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Barbie's Fart Jokes Were A Gas - But We'll Never See Them

If you watched "Barbie" and thought that it really needed way more fart jokes, then take it up with Greta Gerwig and her editing collaborator Nick Houy — because they cut a fart joke from the finished film.

On IndieWire's Filmmaker Toolkit Podcast, Gerwig and Houy spoke to the outlet about why they decided the fart opera just wouldn't work... and how they've actually been trying to write fart jokes into all of the movies Gerwig has directed thus far. "We've always tried to get in a proper fart joke and we've never done it," Gerwig said. "We had like a fart opera in the middle [of 'Barbie']. I thought it was really funny. And that was not the consensus."

"It was in the wrong place, too," Houy agreed "We need to work it into a more significant narrative moment next time."

Where this fart opera took place during "Barbie's" narrative will remain a mystery forever unless Gerwig and Houy feel like getting specific, but it's also worth wondering how fart jokes could have made their way into 2017's "Lady Bird" or 2019's "Little Women." What if the tense arguments between Saoirse Ronan and Laurie Metcalf in "Lady Bird" had been punctuated by little toots? Imagine, if you will, the scene where Bob Odenkirk shows up in "Little Women" and says the movie title — but this time, he crop-dusts his loving family. Just something to think about.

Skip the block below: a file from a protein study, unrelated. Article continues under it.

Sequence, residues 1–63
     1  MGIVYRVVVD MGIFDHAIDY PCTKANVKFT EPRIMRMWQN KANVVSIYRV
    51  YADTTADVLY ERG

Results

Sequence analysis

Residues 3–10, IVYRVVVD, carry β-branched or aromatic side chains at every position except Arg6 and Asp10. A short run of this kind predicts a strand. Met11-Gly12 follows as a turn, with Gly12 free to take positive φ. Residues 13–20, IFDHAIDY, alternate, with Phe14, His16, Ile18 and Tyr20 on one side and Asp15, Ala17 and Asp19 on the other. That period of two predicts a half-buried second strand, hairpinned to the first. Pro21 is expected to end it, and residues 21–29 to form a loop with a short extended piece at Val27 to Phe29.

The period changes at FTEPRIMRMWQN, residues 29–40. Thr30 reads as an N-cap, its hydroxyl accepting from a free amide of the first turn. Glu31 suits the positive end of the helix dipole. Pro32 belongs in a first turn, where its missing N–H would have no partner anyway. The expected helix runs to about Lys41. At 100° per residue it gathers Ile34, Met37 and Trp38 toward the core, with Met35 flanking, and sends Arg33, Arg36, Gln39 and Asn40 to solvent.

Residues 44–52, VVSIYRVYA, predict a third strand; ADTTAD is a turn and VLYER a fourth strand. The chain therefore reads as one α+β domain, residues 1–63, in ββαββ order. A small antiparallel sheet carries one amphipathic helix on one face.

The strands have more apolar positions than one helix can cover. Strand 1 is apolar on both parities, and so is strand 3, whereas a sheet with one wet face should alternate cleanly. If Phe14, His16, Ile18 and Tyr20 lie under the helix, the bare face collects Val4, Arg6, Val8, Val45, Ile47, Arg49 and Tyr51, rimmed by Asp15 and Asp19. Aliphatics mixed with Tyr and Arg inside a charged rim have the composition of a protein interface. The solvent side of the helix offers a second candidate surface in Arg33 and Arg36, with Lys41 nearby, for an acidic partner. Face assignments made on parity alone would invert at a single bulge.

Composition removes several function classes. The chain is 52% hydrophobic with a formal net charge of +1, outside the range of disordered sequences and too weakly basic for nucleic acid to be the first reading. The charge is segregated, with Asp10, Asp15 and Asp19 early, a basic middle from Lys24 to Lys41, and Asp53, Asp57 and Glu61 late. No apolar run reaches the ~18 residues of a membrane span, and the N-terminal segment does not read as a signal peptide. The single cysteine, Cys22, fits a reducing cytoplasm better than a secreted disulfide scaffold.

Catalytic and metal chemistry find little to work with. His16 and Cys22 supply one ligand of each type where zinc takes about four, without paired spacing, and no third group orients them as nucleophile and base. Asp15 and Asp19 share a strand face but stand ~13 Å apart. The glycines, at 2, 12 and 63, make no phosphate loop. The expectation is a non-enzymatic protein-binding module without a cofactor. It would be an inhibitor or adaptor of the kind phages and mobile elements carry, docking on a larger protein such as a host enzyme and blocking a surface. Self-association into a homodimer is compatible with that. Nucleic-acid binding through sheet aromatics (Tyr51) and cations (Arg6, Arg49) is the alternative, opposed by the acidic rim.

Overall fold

Nick Houy and Greta Gerwig worked hard to make Barbie's chaotic story flow smoothly

Even without a fart opera, there's still a whole lot happening in "Barbie." At various points, Helen Mirren narrates the story, Ken invents patriarchy and falls in love with horses, and there's a commercial for "Depressed Barbie" — and that doesn't even cover the whole dream ballet situation. So how did Houy and Gerwig balance the wild pace of the movie while keeping viewers along for the ride?

"We're both big George Saunders fans," Gerwig said. "And we talked about his Russian short fiction book because, to me, it was one of the best books about filmmaking without being a book about filmmaking. He says, you have to keep your reader in the sidecar with you. As you're writing and editing, you keep checking on them. Is the reader still in the sidecar or did I lose the reader on a turn?" 

"[Finding the places] to really keep the pace as tight as possible and then where to let it breathe, I think, is so important," Houy said, as a follow-up. "It's everything. I think we've definitely done versions of all of our films where we're like, 'That was too fast, throughout. Way too fast throughout."

"Barbie" is in theaters now, but there's no fart opera. If we had to guess who's silently ripping one throughout the movie, though, our money's on Allan (Michael Cera).